Iolo appears to be stating that somehow ‘vibration’ was part of the initiatory process that lead to the creation of the universe. Although he does not limit this to sound but adds light to the sound which lead to the springing forth of form. But it is the third principle of Life which imbues, what I suggest is consciousness, Menw (Mind) into the form of the Universe. My personal take on this particular description given by Iolo is that the ‘Feminine’ principle was that which enabled the manifestation of the Universe in a material form, and that the material universe is the carrier or container of consciousness. This clearly links the symbol of Awen with the creative processes of creation and therefore it is quite understandable that Awen is defined as creativity, muse and inspiration. These ideas will be discussed in-depth in later blogs.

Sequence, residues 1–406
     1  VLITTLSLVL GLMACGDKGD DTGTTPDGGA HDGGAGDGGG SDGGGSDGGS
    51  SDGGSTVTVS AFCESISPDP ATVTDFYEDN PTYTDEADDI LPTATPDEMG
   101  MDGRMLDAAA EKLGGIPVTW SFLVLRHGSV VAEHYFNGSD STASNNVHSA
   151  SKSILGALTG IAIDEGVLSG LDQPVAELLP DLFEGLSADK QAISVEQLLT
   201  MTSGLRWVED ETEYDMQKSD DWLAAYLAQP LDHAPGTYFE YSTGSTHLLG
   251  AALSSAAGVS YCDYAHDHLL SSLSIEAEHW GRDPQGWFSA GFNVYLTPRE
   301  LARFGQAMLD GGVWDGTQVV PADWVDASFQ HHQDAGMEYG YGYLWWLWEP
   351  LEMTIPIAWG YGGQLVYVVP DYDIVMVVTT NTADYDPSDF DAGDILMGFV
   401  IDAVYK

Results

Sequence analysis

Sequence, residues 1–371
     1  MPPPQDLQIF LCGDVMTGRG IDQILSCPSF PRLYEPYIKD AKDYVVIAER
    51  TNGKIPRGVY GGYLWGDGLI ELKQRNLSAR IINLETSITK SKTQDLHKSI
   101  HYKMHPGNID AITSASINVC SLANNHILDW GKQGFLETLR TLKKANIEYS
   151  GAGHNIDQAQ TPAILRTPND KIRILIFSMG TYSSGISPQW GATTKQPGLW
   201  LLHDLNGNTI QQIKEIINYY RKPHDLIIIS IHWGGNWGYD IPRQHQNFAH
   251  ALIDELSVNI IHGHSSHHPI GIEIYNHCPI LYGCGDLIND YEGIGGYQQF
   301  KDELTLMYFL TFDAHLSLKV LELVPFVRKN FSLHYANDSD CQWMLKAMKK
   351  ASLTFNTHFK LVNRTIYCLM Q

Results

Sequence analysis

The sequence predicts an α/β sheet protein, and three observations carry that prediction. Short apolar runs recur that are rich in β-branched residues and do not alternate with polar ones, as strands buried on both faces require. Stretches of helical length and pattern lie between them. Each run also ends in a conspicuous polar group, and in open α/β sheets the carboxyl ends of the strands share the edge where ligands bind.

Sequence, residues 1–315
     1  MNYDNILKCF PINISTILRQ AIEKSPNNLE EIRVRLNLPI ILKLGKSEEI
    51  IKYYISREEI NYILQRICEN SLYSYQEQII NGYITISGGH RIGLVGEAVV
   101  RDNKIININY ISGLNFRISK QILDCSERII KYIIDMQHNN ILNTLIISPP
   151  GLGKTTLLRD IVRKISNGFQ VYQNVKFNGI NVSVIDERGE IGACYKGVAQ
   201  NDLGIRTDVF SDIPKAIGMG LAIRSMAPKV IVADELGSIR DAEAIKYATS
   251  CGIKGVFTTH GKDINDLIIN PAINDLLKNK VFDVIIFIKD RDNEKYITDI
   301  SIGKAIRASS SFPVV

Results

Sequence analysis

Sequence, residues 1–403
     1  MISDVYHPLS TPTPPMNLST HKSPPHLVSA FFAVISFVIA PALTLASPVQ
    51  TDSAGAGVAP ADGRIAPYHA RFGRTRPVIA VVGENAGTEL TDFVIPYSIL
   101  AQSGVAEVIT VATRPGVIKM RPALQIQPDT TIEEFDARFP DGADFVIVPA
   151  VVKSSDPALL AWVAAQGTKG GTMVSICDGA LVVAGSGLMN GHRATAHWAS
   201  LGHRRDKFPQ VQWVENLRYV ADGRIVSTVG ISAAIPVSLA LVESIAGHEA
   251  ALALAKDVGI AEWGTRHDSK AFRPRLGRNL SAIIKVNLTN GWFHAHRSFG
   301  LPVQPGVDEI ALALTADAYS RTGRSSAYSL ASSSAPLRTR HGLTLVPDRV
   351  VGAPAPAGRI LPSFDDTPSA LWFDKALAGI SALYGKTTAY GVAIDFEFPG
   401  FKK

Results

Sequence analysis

This has been a short excursion into the world of Iolo Morganwg and his elusive and complex style of writing. I intend to delve deeper into his works and demonstrate how his work can be integrated into a number of other fields such as the ‘Flower of Life’, ‘The Kabbalah’ and even modern cosmology!
I hope that this little introduction has demonstrated that there are deeper mysteries to be explored within this very simple symbol /|\ and I hope I’ve wetted your appetite enough that you will enjoy following my future posts.
My next blog post will be looking into the ‘Names of God’ as given in The Barddas, which I have renamed as ‘The Degrees of Consciousness’.